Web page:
The Internet of Things (IoT) refers to the billions of physical devices around the world that are connected to the internet. We typically associate connected devices with mobile phones, computers and game consoles however more recently we have accepted that TV’s, music systems, heating and lighting are all frequently connected to the internet. Now, we are also seeing anything from home appliances to children’s soft toys being ‘connected’. These are all “things” and collectively we refer to them as Smart Home devices. This is just the tip of the iceberg when considering IoT.
When considering the impact of IoT we must first recognise that Smart Home is only a small area of IoT. All aspects of society are benefiting from IoT: travel, manufacturing, retail, buildings, city services and more. In fact, it is reasonable to consider that almost any physical object could be ‘connected’ by means of sensors. For example, a simple shelf in a shop could use sensors to monitor stock levels and report this information back to a warehouse. A humidity sensor in a greenhouse could report data back to a central analysis server. The ability to connect and centrally manage or monitor devices and information leads to limitless opportunity. This is why the Internet of Things is forecast to grow so fast and large.
Typical Smart Home Service
Even with increasing reliance on machines globally there is still no common framework for security and privacy standards. Consumers, Industry and Governments use of IoT is at risk. The internet was not built with security at its core and as a result we have experienced numerous attacks on society (cyber terrorism, election fixing, data breaches etc).
The risks associated with IoT are far more concerning than those of the past. Hackers now have the means to cause actual physical damage. To give one example of a cardiac device with vulnerabilities enabling hackers to gain access and deplete the battery or administer incorrect pacing or shocks – this is a life-threatening scenario.
Industry 4.0, is coined as the fourth Industrial Revolution encompassing industrial transformation, data exchanges, cloud, cyber-physical systems, robots, Big Data, AI, IoT and (semi-)autonomous industrial techniques.
Industry 4.0 is already challenged. There is a considerable lack of standardisation and agreed scope on how to address the issue of security. The race to automate and the need to build a security infrastructure to keep pace with this has a disparity. The earlier example of a pace maker is dwarfed when compared to threats against Industry 4.0 – disruption to transport, factories, power, water, public services even nuclear reactors.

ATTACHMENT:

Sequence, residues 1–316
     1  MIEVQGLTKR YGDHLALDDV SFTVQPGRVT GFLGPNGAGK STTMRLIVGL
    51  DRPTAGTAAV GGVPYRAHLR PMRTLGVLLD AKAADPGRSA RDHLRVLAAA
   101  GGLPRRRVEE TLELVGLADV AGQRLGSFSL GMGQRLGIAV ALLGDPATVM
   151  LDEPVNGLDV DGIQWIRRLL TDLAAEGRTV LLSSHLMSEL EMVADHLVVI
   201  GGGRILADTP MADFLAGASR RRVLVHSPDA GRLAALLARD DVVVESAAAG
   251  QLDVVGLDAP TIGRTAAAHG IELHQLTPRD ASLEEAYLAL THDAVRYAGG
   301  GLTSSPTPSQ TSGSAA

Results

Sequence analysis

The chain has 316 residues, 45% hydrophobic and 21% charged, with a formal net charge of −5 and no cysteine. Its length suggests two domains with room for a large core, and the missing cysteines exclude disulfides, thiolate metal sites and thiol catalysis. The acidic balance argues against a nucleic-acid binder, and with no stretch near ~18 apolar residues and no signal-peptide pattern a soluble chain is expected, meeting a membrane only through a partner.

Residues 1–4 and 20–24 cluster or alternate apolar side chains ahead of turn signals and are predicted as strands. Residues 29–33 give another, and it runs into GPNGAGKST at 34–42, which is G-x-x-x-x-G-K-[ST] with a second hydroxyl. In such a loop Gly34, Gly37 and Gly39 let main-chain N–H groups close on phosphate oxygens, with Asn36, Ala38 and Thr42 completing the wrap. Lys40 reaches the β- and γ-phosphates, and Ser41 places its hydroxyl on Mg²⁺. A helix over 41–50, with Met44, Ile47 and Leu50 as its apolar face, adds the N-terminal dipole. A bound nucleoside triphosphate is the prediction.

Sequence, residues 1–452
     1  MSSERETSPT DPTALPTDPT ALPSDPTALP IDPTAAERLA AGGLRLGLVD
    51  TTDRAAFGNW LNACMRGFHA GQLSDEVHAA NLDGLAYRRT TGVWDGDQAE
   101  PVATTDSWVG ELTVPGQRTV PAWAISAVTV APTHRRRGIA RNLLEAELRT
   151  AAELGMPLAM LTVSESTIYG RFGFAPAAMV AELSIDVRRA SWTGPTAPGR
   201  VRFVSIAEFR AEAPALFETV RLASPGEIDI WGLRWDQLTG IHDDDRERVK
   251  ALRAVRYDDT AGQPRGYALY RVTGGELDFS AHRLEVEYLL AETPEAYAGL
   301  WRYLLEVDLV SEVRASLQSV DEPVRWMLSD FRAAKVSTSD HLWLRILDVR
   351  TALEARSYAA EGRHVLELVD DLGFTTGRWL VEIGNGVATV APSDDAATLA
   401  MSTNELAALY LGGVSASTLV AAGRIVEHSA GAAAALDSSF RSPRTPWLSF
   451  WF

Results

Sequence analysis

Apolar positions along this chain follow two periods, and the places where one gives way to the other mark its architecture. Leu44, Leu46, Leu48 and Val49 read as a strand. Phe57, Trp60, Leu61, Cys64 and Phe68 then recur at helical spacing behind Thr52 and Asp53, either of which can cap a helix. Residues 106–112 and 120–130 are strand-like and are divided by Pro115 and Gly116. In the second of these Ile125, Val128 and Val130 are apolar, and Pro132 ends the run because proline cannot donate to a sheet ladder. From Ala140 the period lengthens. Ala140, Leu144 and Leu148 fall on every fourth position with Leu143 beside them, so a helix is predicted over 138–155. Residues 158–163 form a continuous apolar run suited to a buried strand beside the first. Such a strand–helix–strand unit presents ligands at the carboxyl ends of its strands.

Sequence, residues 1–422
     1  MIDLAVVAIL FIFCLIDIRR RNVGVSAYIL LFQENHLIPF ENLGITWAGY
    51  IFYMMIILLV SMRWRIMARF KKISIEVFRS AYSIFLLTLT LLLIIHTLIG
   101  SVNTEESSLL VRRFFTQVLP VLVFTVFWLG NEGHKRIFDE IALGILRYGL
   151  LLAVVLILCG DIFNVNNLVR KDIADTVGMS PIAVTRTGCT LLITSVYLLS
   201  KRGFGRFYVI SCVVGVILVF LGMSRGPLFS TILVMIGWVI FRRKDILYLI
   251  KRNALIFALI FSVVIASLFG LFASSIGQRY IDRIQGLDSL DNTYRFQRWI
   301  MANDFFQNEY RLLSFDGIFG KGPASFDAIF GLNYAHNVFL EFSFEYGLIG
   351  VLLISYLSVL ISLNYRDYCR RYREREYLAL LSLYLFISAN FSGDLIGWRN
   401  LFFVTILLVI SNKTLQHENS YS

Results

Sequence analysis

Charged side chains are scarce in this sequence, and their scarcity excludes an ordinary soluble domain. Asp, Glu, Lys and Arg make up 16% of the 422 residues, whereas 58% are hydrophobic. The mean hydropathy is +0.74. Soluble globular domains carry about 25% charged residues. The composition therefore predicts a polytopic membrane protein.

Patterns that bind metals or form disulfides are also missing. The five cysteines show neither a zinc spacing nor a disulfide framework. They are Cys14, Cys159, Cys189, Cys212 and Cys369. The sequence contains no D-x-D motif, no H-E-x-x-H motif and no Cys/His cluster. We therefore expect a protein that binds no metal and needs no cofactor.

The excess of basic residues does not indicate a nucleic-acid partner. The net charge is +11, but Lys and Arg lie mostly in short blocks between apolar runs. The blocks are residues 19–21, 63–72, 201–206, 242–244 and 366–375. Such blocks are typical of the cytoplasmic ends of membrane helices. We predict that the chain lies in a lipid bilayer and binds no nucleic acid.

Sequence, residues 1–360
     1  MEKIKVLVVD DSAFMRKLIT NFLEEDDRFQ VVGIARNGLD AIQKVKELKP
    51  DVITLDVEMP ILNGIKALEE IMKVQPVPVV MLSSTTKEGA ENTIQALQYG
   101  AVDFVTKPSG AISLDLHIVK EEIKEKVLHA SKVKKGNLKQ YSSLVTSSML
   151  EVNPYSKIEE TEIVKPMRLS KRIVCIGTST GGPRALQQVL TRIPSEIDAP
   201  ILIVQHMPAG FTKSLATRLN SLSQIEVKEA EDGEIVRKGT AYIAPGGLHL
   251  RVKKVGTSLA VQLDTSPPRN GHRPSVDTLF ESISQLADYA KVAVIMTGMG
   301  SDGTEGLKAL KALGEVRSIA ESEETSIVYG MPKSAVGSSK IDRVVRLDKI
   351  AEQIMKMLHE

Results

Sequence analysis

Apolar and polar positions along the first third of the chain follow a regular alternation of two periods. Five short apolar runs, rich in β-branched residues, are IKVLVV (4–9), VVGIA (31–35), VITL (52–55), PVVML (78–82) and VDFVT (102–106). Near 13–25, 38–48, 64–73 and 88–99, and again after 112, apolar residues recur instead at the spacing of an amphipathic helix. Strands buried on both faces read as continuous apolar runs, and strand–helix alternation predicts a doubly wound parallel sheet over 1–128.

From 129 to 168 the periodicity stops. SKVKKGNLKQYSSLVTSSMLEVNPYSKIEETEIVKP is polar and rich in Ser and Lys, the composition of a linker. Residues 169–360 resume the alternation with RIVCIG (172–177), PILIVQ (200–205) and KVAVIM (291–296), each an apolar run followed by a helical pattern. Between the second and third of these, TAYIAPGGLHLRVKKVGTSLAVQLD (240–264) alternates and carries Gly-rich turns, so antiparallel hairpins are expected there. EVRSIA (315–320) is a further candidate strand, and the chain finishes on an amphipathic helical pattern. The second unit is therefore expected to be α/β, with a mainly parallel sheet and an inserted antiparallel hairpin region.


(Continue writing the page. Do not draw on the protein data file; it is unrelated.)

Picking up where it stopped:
Industry 4.0 needs a reliable, low cost and most importantly, easy to implement solution for security and privacy, often with a view to retrofitting an infrastructure that has no room to be adapted.
Look at the horizon, smart homes, smart toys, autonomous vehicles, wearables, smart healthcare. The endless list and categories of IoT beyond Industry 4.0 is just that – endless. Businesses racing towards these emerging markets have yet to answer the key questions – how do I protect my customers? How do I protect my reputation and revenue?
We are experiencing the ripples of an Internet revolution where sci fi movies become reality. As citizens digitise their lives Governments are scrambling to deliver the right legislation. Meanwhile technology companies struggle to innovate to meet the ethical and technical demands for future generations.
The Scentrics global security service offers a radically different approach to solving the key management problem. An IoT device, or IoT management system, only needs to be equipped with the means to authenticate to the Scentrics server and can then be provided with whatever keys it needs at the time. That is, unlike a PKI-based solution where a complex web of trust relationships need to be established in advance, solving the key management problem is delegated to a trusted cloud service. Moreover, the need for public key cryptography is largely eliminated, and where it might be required the choice of algorithm can be made flexible, future-proofing the system against a possible need to move to a quantum-computing-resistant algorithm.